Walking the Path

My thoughts on Afrakan philosophy and choosing to pursue Afrakan Traditional Religion
by Sekayi Khita Hetep

Self Mastery and the Witness Consciousness
December 08, 2010

In my last post we dealt a bit with the concept of self-mastery, as illustrated in the epic tale of Ausar, Auset and Heru. This concept is, to me, the whole point of the teachings. Sure, ultimately one could achieve "enlightenment" by studying the wisdom teachings, commune with the divine and gain entry into Pet (heaven) having resolved all of one's meskhenet (karma). But that is a lofty goal to say the least. Let's say we'll work our way up to that place of ideal spirituality. Even if that is your goal, you have to start somewhere.

For me, the starting point is self-mastery. It is a goal I can gauge, plot and eventually attain. I can tell when I'm succeeding based on how I react to others (especially when they really tick me off). It's like, the more I focus on my own self-control, or as I like to call it, my own sense of "self-awareness," everything else becomes muted and I can see myself as a causal force in the center of events.

If you want to kind of play around with this idea of self-awareness, here is an exercise I do often. It is based on a simply combination of fasting and meditation.

1st Guideline: Eat only fruit in the morning and then for at least 7 hours eat nothing, drink only water. After the 7 hours, you may eat fruit again.

2nd Guideline: Ignore your TV, phone, friends etc and sequester yourself in a quiet and private place where you won't be disturbed. For the 7 hours you may read wisdom texts and meditate on their meanings.

3rd Guideline: To strengthen your self-mastery, recite hekau (mantras) to focus your mind while you breathe to a specific rhythm. I use "pot belly breathing" also known as pranayama.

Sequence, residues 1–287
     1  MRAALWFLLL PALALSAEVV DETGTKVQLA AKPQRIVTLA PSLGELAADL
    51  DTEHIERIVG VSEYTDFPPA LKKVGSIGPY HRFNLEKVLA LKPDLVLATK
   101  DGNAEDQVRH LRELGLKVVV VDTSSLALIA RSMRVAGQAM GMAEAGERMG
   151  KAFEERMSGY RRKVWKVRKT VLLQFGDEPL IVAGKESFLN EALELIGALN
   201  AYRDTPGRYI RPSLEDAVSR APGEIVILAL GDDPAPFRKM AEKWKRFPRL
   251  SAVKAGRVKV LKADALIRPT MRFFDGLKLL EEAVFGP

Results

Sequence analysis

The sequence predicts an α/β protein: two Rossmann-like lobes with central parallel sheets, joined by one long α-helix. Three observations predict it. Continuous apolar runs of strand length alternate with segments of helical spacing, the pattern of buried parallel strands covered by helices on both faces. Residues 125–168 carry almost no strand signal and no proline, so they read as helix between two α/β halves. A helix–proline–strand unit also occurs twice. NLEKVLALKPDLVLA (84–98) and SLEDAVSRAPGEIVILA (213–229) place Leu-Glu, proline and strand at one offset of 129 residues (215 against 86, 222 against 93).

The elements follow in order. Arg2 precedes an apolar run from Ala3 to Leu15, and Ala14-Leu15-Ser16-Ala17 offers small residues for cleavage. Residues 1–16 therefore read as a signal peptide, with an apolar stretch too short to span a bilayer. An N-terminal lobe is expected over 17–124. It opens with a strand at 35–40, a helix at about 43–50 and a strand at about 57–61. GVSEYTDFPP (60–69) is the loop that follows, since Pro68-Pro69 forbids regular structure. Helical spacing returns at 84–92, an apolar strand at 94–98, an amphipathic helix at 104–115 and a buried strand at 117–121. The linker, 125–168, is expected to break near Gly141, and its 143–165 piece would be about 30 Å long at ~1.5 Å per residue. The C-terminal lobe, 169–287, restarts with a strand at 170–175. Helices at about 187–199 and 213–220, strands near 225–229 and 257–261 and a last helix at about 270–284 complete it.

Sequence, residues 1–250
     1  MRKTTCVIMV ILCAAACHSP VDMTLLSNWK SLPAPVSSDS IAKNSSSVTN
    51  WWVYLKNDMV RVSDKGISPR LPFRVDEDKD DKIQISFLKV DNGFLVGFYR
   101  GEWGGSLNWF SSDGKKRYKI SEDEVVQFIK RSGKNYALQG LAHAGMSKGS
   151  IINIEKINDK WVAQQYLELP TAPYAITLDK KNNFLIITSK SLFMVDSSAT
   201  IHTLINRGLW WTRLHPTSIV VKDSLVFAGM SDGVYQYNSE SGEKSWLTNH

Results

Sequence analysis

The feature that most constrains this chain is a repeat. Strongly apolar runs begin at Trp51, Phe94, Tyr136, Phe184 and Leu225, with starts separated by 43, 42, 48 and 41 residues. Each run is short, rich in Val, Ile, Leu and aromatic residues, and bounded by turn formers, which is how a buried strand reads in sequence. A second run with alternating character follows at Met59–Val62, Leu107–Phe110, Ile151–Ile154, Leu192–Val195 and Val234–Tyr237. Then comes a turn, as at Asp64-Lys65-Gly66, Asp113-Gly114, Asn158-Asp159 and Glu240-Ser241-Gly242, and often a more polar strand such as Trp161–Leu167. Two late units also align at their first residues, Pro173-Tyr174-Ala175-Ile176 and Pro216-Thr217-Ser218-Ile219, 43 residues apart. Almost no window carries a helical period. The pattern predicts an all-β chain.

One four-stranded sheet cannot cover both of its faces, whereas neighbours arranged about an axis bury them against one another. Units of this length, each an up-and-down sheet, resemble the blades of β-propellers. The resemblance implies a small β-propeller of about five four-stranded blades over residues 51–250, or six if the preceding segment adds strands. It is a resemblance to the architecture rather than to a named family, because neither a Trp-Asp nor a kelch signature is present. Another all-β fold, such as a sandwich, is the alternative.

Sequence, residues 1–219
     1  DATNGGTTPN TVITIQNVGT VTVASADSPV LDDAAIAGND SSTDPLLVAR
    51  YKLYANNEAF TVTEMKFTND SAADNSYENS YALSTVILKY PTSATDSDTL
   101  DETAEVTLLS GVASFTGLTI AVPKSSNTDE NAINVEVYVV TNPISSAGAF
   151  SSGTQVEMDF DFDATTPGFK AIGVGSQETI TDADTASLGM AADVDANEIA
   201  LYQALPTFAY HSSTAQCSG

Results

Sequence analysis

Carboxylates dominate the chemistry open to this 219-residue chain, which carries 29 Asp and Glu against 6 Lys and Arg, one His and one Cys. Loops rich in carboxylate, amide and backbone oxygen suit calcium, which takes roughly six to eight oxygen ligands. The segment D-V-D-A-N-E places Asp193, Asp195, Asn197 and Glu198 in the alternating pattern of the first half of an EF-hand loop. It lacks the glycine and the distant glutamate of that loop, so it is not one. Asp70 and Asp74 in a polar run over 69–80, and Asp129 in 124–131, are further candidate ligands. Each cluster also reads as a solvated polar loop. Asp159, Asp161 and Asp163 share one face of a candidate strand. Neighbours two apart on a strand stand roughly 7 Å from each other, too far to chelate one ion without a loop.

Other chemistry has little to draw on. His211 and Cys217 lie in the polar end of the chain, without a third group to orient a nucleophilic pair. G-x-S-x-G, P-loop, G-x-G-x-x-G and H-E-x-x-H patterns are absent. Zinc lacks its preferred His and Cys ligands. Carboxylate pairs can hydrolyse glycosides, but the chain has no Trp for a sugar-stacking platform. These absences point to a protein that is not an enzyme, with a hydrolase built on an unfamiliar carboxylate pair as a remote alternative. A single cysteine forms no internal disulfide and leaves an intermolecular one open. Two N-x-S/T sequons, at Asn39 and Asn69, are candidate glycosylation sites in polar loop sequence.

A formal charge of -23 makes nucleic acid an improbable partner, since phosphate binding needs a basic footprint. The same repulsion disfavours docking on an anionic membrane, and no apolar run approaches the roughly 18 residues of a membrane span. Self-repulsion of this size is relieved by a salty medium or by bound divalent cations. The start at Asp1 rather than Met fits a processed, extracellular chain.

Pot belly breathing method:
-Breathe in deeply, pushing the breath down into your stomach. Allow the stomach to expand outward with the breath.
-Then hold both breath and stomach as you recite your hekau mentally.
-Now contract the stomach as you release the breath, holding it in once the breath has emptied. Recite your hekau again here.
-Repeat the process by bringing in a new breath and so on.

I use a hekau that is 12 syllables long, so I hold my breath for quite a while on inhalation and exhalation. Try starting with something simple like Aung, or OM, you can repeat it as many times as you like before exhaling or inhaling. Using mall beads may help with keeping track of your breaths. Remember, there is no need to force the body. Just give it a gentle nudging.

What you will be doing is forcing your mind to focus on the hekau you have selected, and on the breath. Did you notice how your thoughts seemed to stay steady, rather than jumping all around? That is a direct result of breath control. Breath control and hekau recitation have the direct effect of stopping thoughts. You may recall how you sometimes hold your breath while concentrating on something important, i.e. sports, painting, etc. For self-mastery we use this to collect ourselves, to keep from being swept away by run-away thoughts and emotions.

This exercise will help you to develop what many call the "witness" consciousness. During this acute self-awareness you begin to notice each stream of thoughts from your mind, not as the thought creator but as an actual witness. Sometimes I am amazed at how my mind says something like, "Okay, I'm hungry, just go eat some granola. My body needs the sugar." Or, "I'm anemic, I can't keep this fast going all day. I HAVE to eat." What a manipulative little mind I have. Each time, I've learned that that thought is coming from a place in me that feels afraid or anxious. So, I ignore it. I'm not gonna keel over if I don't eat, no matter what the voice in my head says.

So, basically, I've learned to face that fear, anxiety or anger at the root of the thoughts. The more you practice this technique, the more you will experience the "witness" during everyday situations. You'll start to see that your reactions to people and events come with some pretty hefty baggage. And that's the stuff that gets in the way of your self-mastery. It weighs you down. It clouds your perception. And most of the time the thoughts generated by that baggage are downright lies. In a sense we begin to slay these apparaitions. We chip away at the excess to reveal a better version of ourselves.

I like to focus on this type of work during the new moon. In the next article I'll share my experiences with the goddesses of the various moon phases as they relate to life, death and renewal.